Often remembered from childhood, goose grass or sticky willy has clinging hairs on its leaves, stem and seeds which stick to your clothes. It’s an annual and easy removed but also easily spreads with its self sown seedlings. Can grow up to 4ft high. Sticky Willy can grow rapidly during warm weather. The sticky stems are able to scramble around the garden, smothering small, cultivated plants and setting masses of seed. It’s usually introduced on the coats of animals, birds’ feathers or human clothing. Its lifecycle is approximately eight weeks from germination to setting seed.


The leaves and stem are covered with hooked hairs that latch onto anything that brushes against them.


2 to 5 stalked flowers appear at the end of a stem. Individual flowers have 4 pointed white petals with a greenish center, and are about 1/16 inch across.

Preferred Habitat

Sticky Willy is a common garden weed and likes shade. Keep a close eye out for it as it will creep around your plants, spreading as it goes.

Weed Control

Remove Sticky Willy regularly by hand, or hoe off young seedlings before they set seed. Avoid getting seeds on clothing, as this can inadvertently spread it around the garden. Mulch borders with a 5cm layer of garden compost or composted bark to suppress seedlings.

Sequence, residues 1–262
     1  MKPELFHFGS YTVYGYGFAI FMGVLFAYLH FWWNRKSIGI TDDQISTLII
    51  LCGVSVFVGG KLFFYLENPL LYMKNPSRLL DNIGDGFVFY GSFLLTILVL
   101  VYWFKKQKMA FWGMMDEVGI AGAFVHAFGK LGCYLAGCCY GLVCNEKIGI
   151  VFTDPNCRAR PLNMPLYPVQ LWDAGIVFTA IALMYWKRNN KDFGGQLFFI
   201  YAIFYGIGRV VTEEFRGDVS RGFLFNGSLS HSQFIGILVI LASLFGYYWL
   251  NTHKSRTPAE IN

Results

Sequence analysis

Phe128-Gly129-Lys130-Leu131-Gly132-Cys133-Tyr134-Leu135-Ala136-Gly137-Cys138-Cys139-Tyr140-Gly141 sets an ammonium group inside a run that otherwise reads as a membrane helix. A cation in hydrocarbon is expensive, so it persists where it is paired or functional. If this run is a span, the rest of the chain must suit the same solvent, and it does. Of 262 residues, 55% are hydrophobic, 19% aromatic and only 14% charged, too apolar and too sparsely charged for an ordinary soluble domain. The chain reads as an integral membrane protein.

Not Just a Weed

The leaves and stems of the plant can be cooked as a leaf vegetable if gathered before the fruits appear.

Sticky Willy is a reliable herb and is used to clean urinary stones and to treat urinary infections.


Search Weedipedia

Welcome to Weedipedia.

At Vialii, we are strong proponents of organic gardening and try to avoid weedkiller if we can. To many people, weeds are wonderful things, whether they are grown as pretty wildflowers or for their health benefits. But we understand they can be frustrating in gardens so our Weedipedia pages detail our most common weeds, how to identify & get rid of them but also their benefits too. If you need help getting rid of your own weeds please get in touch.

Common Weeds

Goose Grass, Sticky Willy

Often remembered from childhood, goose grass or sticky willy has clinging hairs on its leaves, stem and seeds which stick.

Horse or Mares Tail

One of the most dreaded of weeds, Mares Tail can spread like wildfire so if you see it, deal with.

Larger Bindweed, Hedge Bindweed

Bindweed is a notorious, perennial weed which no gardener wants to find in their garden as its so hard to.


Chickweed is one of the most common of weeds with the most delicate tiny white star-shaped flowers hence its Latin.

Creeping Buttercup

Creeping buttercup is a common perennial weed with low-lying foliage that forms mats. Its instantly recognisable glossy yellow flowers appear.